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The evening of the event, we took the Monorail from our hotel, feeling like we were entering the maw of a giant as we passed through the unreal sculpture that architect Frank Gehry created as the EMP Museum, and wandered past the Space Needle in balmy sunshine, moving to the breathy beat of South American flutes as we made our way to the EMP entrance. We were greeted by the sight of a long lineup waiting to get in. A “Full House” sign stood in front of the line. What a thrill; it was all going to work!

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Inside, the scene was already bustling. We passed a table laden with KISS THE SKY! bags full of swag ready to hand to VIP ticket holders,

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chatted briefly with Mary Jo Rice, Michael Reppy and Shari Tarantino of Earth Island and Orca Conservancy who had put the swag bags together, then an enthusiastic teacher whose kids had created a great freedom banner and climbed the long stairway leading to Sky Church.

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A big curtain hung in front but we could hear energetic sound checks underway – even outside, the sound was amazing. A short while later, we were at the meet and greet reception for VIPs, watching Joan Jett’s charming interactions with her fans, willingly posing for photos and not minding at all. We were delighted when Ian (Mac) McLagan joined us. Earlier at breakfast he had enthralled us with stories from the good old days when he was a member of Faces and Small Faces. Such a great person – hard to believe we were sitting with rock’n roll royalty!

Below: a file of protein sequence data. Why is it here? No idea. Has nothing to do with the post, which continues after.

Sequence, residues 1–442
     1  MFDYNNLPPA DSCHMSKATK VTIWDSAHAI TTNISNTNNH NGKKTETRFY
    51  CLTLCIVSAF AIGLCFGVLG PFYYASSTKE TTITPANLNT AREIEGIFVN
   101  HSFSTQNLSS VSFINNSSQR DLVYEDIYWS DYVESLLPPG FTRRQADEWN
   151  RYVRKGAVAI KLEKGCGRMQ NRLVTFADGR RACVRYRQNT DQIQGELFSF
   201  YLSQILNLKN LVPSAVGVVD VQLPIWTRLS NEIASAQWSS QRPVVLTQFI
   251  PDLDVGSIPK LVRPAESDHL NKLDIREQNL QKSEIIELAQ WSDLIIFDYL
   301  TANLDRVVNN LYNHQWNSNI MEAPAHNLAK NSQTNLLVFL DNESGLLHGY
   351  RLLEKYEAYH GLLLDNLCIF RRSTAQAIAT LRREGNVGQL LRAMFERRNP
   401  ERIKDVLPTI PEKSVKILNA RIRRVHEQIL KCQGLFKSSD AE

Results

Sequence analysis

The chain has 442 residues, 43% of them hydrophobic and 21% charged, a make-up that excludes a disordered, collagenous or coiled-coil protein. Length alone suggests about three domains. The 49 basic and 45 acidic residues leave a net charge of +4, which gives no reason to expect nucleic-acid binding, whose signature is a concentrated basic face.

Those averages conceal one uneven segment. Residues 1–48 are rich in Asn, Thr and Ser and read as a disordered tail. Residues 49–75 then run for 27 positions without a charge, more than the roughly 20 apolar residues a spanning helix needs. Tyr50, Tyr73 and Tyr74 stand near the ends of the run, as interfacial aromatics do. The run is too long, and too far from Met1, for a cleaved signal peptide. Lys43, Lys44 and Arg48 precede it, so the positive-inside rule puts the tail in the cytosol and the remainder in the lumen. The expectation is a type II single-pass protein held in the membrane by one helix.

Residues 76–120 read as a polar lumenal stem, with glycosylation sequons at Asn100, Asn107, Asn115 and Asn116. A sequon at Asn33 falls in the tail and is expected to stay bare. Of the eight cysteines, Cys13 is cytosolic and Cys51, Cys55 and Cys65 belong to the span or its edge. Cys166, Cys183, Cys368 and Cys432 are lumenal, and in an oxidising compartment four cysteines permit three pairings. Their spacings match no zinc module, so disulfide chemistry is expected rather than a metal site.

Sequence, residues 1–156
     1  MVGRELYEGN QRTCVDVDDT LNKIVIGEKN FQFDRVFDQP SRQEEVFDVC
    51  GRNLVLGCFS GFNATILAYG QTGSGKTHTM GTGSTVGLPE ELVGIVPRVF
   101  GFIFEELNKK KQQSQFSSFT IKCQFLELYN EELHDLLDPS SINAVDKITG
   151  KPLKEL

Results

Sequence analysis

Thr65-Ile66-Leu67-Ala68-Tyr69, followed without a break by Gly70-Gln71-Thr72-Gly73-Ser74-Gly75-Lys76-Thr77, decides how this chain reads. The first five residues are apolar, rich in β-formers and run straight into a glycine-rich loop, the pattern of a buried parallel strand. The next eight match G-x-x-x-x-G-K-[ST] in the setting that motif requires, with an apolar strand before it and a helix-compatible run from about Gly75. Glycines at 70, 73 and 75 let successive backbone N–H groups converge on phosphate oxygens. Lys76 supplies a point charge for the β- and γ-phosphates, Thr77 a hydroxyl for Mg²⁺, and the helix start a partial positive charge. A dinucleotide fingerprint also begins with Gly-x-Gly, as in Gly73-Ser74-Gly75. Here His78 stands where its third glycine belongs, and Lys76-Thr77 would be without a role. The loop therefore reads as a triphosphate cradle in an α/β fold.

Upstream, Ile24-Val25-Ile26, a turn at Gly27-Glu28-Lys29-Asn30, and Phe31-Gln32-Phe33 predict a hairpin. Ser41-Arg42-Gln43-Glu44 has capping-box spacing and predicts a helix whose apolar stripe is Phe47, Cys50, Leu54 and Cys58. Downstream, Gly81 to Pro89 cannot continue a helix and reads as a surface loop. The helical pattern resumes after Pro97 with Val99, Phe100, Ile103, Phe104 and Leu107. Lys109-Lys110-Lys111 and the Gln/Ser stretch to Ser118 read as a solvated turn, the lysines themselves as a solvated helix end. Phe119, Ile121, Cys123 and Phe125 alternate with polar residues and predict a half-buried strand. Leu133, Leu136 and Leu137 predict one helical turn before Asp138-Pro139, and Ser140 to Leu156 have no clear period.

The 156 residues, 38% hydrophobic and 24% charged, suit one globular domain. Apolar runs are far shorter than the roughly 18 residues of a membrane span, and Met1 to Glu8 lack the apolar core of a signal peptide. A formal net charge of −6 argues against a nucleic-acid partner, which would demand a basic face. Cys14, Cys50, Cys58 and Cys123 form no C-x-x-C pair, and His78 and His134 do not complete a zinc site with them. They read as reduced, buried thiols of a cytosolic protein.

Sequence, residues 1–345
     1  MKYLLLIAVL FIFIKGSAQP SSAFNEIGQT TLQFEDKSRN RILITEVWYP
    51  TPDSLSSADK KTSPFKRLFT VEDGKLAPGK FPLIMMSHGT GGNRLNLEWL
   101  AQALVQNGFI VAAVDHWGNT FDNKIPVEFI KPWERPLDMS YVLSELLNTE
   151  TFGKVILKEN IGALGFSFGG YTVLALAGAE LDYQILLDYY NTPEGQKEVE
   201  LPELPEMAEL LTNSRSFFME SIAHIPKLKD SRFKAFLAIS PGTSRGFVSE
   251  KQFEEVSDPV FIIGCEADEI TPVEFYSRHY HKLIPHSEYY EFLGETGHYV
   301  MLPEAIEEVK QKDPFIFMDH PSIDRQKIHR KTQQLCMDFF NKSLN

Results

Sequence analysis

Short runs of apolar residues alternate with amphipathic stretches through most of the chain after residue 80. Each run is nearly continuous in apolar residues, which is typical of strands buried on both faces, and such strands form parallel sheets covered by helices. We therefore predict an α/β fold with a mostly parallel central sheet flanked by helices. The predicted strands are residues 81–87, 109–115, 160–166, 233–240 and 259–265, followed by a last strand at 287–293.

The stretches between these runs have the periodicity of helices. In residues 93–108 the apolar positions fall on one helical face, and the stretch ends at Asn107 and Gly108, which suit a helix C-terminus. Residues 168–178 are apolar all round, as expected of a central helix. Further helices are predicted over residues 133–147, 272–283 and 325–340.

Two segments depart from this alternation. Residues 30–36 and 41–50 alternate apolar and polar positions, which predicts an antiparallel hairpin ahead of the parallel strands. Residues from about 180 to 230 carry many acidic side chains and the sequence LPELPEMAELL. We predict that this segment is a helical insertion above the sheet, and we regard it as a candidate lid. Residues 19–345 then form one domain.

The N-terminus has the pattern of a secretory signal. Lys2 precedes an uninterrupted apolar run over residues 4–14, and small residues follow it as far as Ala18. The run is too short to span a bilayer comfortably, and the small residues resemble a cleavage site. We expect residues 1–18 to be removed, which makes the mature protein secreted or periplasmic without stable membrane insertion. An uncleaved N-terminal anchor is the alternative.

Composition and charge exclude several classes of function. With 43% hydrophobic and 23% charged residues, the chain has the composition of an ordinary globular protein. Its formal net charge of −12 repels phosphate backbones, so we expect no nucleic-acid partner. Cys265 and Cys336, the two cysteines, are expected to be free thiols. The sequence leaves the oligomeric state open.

The concert got underway with Country Joe McDonald coming casually onto the stage as if he was a stage hand, picking up a guitar and getting right into a rousing version of his classic “Save the Whales” with new lyrics about captive orcas needing to be free.

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The audience loved it. As Country Joe performed, images of free orcas in the wild filled the huge screen behind him. What a start!

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MC Norman B came on

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and introduced Andrew Morse and his band, a great group of old time rock’nrollers from New York and Texas who proceeded to belt out “New York Times” and other tunes that got the crowd going.

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Arielle, the young guitar virtuoso from Los Angeles brought a change of pace with her lovely voice, offering her newly released CD “California” and other songs, along with pertinent comments about the issues that brought everyone together.